Edited by Green Baron
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Reading timing is harder, because it varies with your input rate, especially for inexperienced operator. But I'm almost certain I've seen software that does it.

There's also minor complication in variation of input styles, like fast double dit for dah. But this can be a toggle flag. Not something that needs to auto-detect.

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True. Programming wise it is trivial (using xcb which is the only basic event handling api i know).

One would have to parametrize the durations and the beginner has to type in a disciplined manner (not KSP style, eh ?).

Or let him type something and deduct the timing from medians of his strokes. Including variations for time of day, relative humidity, sleepiness of eyes and spectroscopic analysis of the gases in the user's exhaled air.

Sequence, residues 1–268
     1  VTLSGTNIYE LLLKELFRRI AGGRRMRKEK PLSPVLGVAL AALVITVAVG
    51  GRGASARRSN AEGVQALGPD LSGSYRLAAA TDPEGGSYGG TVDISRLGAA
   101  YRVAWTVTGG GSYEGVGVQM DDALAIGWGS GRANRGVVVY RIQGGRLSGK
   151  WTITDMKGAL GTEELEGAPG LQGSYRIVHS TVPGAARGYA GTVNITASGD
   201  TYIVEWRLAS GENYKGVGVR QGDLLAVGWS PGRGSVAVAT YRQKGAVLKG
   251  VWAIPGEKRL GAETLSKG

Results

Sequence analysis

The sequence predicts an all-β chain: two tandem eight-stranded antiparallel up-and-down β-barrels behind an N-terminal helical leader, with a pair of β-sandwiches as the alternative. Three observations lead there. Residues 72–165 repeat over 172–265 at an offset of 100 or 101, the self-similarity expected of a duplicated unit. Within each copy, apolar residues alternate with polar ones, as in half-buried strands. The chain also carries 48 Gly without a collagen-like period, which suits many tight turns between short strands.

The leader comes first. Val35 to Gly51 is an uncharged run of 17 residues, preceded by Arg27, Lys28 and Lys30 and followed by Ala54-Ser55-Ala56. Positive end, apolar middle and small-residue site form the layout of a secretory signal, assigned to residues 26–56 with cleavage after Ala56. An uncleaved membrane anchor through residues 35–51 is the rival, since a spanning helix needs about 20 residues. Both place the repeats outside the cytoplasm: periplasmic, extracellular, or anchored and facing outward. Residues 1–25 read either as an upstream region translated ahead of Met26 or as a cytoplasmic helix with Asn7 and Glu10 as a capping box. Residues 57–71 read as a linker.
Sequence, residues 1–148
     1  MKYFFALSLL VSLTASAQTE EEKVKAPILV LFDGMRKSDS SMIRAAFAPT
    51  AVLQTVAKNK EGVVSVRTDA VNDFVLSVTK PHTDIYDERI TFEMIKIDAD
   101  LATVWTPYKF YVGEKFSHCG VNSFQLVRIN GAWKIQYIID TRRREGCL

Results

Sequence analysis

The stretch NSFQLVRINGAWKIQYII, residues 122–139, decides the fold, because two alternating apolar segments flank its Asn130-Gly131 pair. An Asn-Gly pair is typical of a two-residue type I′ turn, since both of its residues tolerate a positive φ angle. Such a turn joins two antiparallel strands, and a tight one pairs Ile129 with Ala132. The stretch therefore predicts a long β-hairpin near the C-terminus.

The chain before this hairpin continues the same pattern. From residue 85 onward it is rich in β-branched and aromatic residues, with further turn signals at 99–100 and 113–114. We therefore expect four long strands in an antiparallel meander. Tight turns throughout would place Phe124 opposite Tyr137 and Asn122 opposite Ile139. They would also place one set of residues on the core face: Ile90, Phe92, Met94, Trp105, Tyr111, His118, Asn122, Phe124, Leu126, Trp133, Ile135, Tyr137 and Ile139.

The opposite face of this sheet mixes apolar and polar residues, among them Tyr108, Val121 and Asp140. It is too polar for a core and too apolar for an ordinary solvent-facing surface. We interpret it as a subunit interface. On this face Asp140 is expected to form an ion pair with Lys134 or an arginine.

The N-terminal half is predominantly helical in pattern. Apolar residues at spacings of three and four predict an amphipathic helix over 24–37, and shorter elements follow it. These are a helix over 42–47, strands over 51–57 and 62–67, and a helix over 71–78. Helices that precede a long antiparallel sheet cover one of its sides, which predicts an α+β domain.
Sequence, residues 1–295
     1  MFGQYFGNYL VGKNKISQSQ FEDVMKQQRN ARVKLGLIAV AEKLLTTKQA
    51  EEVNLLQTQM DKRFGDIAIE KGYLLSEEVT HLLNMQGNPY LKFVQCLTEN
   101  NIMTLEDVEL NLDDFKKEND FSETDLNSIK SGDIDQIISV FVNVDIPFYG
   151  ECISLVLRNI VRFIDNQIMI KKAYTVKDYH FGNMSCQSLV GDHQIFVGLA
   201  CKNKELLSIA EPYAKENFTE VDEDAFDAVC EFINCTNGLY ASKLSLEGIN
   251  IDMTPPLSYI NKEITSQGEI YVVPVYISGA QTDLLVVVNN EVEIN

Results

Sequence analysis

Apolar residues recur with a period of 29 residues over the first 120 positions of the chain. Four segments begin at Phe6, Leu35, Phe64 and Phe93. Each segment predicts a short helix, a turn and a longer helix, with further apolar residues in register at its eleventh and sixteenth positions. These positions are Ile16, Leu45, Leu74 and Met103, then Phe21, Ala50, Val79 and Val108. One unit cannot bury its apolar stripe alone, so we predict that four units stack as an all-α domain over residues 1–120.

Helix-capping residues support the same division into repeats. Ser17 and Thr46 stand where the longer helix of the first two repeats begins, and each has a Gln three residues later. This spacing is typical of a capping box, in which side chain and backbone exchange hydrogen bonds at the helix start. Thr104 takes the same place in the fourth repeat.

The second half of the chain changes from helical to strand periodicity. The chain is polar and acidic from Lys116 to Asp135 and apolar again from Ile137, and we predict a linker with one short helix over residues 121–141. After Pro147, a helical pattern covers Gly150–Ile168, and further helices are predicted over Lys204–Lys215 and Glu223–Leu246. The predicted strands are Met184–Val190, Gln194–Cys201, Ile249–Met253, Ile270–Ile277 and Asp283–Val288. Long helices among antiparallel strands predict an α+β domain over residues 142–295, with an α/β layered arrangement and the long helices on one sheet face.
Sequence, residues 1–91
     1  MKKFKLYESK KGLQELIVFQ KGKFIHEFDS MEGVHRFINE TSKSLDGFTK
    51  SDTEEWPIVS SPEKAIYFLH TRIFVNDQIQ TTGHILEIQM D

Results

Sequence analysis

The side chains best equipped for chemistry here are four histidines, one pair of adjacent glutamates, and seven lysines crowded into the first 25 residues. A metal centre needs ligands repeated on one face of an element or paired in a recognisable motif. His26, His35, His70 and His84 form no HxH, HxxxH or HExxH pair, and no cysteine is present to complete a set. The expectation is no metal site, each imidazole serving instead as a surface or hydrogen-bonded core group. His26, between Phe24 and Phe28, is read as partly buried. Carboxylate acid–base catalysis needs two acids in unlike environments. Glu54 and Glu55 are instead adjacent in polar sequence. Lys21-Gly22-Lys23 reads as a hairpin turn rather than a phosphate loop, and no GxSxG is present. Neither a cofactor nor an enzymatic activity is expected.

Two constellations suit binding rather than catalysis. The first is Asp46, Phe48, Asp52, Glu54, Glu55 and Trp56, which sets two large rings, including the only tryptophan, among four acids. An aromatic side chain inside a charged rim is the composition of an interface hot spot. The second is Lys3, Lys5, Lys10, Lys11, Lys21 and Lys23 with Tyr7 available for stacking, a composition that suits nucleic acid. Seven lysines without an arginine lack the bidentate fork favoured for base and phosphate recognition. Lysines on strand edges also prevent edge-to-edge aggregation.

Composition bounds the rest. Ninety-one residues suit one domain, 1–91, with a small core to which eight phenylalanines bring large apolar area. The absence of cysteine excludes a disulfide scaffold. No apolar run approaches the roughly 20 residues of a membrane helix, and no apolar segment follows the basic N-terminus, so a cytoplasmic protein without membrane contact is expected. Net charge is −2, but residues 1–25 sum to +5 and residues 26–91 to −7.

A field for playing, for sure :-)

 

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9 hours ago, Green Baron said:

True. Programming wise it is trivial (using xcb which is the only basic event handling api i know).

One would have to parametrize the durations and the beginner has to type in a disciplined manner (not KSP style, eh ?).

Or let him type something and deduct the timing from medians of his strokes. Including variations for time of day, relative humidity, sleepiness of eyes and spectroscopic analysis of the gases in the user's exhaled air.

A field for playing, for sure :-)

 

Yes and the same would be true for an human receiver. I assume lots of the telegraphists in edge towns in the west was not very experts in Morse either, and had their wife stand in as he was sick.